She looked very disappointed and then said the boss wants them gone. I have heard every excuse possible and every shifting story. However, I left with the cats, and I was pretty angry. It was clear to me that I couldn’t return the cats and neither did I want to get stuck with them. I posted an urgent plea on Facebook and an angel in disguise came to my rescue. A friend of a friend agreed to take the two siblings to a Fresno business where several other feral cats resided and were well cared for daily. I was very pleased with the location and the business. It was clean and shady, and there was plenty of room. I couldn’t ask for a better spot. Opportunities like this very rarely present themselves, and I am beyond grateful to the people who made this possible.
The same week I received a call from a Clovis business that I had helped with TNR in the past. Someone had dumped an adult Siamese and four kittens: three Siamese and one tabby. I went out on a Sunday night to set the traps since my usual vet day is Mondays. It was really hot, and although a nice industrial park, it was dark and scary. First I drove around for a bit with the A/C on. I returned to find one kitten in the trap. Finally I had enough of sweating in the dark and getting nervous every time a car drove by and decided to just leave the other traps and return early in the morning. I figured if someone stole the traps, oh well.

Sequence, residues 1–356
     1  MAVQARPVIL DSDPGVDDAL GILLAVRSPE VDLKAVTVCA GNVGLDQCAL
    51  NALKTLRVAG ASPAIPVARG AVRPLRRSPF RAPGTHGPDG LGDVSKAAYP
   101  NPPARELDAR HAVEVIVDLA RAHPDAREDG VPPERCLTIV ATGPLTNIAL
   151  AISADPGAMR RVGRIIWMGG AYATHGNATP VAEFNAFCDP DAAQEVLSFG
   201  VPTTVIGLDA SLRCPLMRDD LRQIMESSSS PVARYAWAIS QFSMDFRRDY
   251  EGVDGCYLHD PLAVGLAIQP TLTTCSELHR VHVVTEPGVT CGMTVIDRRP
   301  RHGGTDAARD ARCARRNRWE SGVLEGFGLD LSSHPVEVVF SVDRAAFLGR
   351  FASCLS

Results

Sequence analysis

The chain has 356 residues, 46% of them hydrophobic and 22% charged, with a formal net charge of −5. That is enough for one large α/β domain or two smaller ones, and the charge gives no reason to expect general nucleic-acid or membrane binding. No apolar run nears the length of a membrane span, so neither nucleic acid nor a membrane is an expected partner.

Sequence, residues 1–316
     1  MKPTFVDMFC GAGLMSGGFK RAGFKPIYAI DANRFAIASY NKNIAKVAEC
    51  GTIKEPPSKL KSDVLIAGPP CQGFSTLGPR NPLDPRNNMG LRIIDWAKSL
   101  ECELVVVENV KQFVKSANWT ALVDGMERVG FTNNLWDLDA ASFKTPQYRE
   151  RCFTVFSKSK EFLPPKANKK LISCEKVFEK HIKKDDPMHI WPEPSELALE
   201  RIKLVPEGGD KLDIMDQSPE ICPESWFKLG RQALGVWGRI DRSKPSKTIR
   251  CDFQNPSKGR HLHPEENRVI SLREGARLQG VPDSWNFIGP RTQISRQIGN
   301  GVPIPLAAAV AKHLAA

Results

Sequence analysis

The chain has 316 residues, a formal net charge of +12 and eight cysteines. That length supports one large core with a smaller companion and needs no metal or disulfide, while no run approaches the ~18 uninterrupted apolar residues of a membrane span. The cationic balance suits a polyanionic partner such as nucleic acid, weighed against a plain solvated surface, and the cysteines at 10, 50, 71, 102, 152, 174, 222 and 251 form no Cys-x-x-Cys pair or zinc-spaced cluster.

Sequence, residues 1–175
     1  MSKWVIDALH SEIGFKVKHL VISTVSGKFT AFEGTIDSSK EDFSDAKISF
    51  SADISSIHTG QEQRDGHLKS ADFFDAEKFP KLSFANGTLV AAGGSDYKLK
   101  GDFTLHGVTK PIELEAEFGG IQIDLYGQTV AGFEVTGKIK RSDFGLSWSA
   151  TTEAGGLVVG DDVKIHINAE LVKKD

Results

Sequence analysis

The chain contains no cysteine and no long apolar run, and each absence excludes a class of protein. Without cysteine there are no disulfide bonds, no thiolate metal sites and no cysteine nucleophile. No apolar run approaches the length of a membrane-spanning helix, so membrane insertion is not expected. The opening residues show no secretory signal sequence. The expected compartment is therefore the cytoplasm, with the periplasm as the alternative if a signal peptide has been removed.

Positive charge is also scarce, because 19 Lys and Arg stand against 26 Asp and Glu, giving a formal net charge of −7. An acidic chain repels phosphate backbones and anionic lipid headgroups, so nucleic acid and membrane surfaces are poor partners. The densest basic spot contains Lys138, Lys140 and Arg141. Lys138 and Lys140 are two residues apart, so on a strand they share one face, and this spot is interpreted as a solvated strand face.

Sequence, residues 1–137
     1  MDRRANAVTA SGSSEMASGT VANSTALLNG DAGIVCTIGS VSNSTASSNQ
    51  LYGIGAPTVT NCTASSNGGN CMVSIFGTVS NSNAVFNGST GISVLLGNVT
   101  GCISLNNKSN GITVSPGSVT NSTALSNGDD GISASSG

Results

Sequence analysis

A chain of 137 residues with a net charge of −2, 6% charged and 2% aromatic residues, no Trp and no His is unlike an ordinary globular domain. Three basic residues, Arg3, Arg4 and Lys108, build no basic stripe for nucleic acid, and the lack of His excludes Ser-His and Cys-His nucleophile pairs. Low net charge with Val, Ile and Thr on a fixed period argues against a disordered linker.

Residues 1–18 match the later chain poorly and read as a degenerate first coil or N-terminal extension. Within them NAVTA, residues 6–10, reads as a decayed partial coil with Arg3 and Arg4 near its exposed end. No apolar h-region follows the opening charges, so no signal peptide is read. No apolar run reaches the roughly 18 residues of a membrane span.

So I got up at 5 a.m. to return to the business where I had trapped the adult and two more kittens, all three kittens were Siamese. I was pretty sure the adult was a male simply due to his size. The ten-pound cat was in fact, a male. He was neutered and released back at the business. I elected to keep the kittens in the hopes I can calm them down. Siamese kittens are highly desirable, and these kittens are quite beautiful, with gorgeous blue eyes. I believe they are still young enough, and they are already showing vast improvements. The tabby kitten was captured about a week later, and I have my doubts about this one. He seems to have already fully embraced the feral life. I will attempt to bring him around, but should my efforts prove to be futile, he/she, will be fixed and returned to the Clovis business.